Sunday, February 07, 2016

Newsletter, February, 2016

You can tell it’s chilly, because our elderly cat has taken to living next to the radiators. When the heating goes off, he finds somebody to complain to until it comes back on.

I feel a bit like that, sometimes.

I entered a book into the Kindle Scout program because I have this book and love it, and I want to write the series that it could be a prequel for. It’s a contemporary. The band manager from the Nightstar series (to which I have all the rights back, yay!) gets his own story in this. He meets a pop singer trying to revamp her career when they’re both judging a reality show. Did I have fun writing this one!

I would really, really appreciate your support. Apparently Kindle Scout is some kind of popularity contest, so if you want to check the program and my entry out, it’s here:

I don’t know how I get so busy, because at the moment, I’m retooling and rethinking things. The Even Gods Fall In Love series is ready to go into a natural hiatus, and I have some new ideas which I’m discussing with my editor. Don’t worry, it’s still Georgian, and still romance!

Paranormal historical romance is an exciting field, but I want to give new readers time to get used to the world I created for the gods series. It was so unlike any paranormal I’d attempted before, and it’s given me new ideas of how to develop my stories in new ways. The reception of the series was heartwarming, too.

The Emperors of London series has come to a crossroads, too. I’m waiting to hear about the continuation, and this has also come to a break. But I have definite plans to continue, and I’ve proposed a trilogy to take the stories into new and exciting areas. The struggle between the Stuarts and the Hanoverians was still very much alive right into the 1770’s, when it became obvious the Cause was dead—just in time for new conflicts with France and the future USA to come into force!

I have a new story coming out next month in the Seven Nights of Sin anthology, and while I was writing it, characters happened, the way they do. The hero of this story has three sisters, all of whom are far more interested in things other than entering society. One is an amateur astronomer, one loves literary pursuits and the other is a gardener, all things that people in the era got very excited about. What do you think? Should I write it, even though I haven’t found a publisher for it yet?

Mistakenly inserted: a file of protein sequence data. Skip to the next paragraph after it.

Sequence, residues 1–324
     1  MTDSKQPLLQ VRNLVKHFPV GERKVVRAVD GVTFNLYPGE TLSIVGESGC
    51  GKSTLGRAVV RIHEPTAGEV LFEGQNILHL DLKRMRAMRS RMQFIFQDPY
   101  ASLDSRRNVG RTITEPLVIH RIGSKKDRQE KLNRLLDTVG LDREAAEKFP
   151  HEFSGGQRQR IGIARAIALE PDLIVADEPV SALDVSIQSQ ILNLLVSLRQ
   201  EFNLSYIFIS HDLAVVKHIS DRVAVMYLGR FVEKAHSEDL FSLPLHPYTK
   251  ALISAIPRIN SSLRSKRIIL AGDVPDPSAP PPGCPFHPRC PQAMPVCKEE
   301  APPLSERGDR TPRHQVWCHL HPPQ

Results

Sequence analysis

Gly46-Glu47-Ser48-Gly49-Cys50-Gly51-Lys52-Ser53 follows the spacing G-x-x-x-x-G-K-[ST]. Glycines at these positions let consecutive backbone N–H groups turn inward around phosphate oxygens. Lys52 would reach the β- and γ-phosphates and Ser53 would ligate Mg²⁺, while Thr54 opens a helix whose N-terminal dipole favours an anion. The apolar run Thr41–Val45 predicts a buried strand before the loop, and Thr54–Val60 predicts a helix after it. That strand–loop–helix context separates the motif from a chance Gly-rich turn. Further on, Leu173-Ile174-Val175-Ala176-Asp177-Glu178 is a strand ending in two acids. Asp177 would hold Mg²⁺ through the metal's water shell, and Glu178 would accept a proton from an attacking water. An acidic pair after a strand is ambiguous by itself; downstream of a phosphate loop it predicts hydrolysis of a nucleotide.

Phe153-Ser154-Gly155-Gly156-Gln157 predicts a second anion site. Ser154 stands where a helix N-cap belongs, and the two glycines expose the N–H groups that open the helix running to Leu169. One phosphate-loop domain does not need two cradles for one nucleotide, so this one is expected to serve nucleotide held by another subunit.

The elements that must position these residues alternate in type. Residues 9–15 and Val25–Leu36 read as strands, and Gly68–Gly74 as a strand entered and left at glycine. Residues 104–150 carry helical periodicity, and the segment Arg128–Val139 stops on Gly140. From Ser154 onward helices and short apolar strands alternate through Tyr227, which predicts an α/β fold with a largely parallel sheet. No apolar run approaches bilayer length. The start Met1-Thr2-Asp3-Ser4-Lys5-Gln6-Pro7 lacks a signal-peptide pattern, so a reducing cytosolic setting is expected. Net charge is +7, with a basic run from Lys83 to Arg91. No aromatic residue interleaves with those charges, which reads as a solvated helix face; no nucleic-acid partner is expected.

In the meantime, you can check out Seven Nights of Sin here:

The way the men and women of the era coped with these challenges has always fascinated me. I’ve heard it said that “times then were so much simpler,” but that’s only distance speaking. They weren’t, but they were complicated in different ways. The more I read, the more real the era gets, and the nearer it gets to real people living real life. That’s why I try to keep my books as true to the period as I can. I want to bring those times to life.

The heating must have gone off, because the cat is pestering me again. Plus, he can smell the chicken roasting in the oven!

Dreaming Of Waterloo

Since the highly successful (thank you!) anthology The Incomparables has gone away, I’ve released my novella from it, Dreaming of Waterloo, as a separate book. You can get it here:

And here’s an excerpt, with the spiffy new cover:


They called him “Lucky,” but he had hidden injuries nobody knew about. Plagued by headaches and living nightmares, Paul, Lord Sherstone returns from the field of Waterloo to London to find a wife he doesn’t know and an estate he has to manage. He daren’t let her close, even though he is falling in love with her all over again.
Married and abandoned in a month, Hetty learned to manage a large estate and fend off would-be lovers, but a threat emerges much closer to home and from an unexpected place. In need of help she turns to Paul but since his return he has only shut her out. Refusing to give up on the man she fell in love with five years ago, Hetty has to persuade her husband to let her into his bed—and his heart.

The crowd parted.

They were not dancing, having left off in favor of supper, so Paul walked straight across the room to face Hetty. His gait was loose and easy, but he ate up the ground with no regard to the careful, mincing steps of the fashionable gentleman. His Hussar uniform, one of the most flamboyant in the army, looked as good as any ever did on his broad shoulders, and tall, muscular form. Gold was so heavily laced across the front that the red cloth beneath could hardly be seen. The pelisse that hung from one shoulder, red lined with blue, was equally fine.

Despite the magnificence, the man outshone the uniform, his carefully brushed dark hair and square jaw more than adequate to the task. The grim purpose delineated in every spare line of his form embellished the uniform rather than the other way about.

Hetty drew her hand away from Lewis’s arm, and stood clear of him. Paul bowed to her. “My lady.”

“My lord.”

Thus, a year of silence was broken.

She held out her gloved hand, proud that it did not waver, even though her pulses throbbed and her throat had tightened so she could scarcely breathe.

He took it and bowed over it in the approved manner. Then he glanced at his cousin. “Lewis.”